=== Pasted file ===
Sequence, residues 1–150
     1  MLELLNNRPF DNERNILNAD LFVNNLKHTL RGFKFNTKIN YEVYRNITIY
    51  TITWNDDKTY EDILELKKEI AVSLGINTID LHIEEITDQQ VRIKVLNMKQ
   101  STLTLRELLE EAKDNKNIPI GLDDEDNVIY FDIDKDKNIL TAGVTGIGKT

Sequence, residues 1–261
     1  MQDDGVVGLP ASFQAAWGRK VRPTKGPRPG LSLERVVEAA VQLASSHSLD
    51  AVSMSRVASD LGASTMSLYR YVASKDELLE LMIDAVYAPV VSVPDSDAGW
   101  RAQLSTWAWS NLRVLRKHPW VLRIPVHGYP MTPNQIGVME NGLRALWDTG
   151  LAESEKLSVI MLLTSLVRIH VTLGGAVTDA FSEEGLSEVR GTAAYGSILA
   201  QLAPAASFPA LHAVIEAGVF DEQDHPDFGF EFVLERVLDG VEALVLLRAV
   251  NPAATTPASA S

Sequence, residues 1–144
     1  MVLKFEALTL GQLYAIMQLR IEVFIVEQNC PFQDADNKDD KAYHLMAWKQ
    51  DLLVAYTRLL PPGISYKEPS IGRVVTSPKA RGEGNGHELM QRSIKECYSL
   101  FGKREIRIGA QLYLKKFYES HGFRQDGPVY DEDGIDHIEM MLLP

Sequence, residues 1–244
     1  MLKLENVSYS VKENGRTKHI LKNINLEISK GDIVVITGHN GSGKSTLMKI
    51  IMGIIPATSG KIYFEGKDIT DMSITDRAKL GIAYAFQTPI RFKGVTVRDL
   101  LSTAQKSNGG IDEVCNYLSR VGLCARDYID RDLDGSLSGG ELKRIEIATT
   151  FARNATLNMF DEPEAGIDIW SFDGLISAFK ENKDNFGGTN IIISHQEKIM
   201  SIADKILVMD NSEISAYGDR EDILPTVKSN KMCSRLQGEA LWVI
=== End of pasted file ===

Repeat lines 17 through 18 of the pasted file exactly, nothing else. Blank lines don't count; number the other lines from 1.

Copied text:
     1  MLKLENVSYS VKENGRTKHI LKNINLEISK GDIVVITGHN GSGKSTLMKI
    51  IMGIIPATSG KIYFEGKDIT DMSITDRAKL GIAYAFQTPI RFKGVTVRDL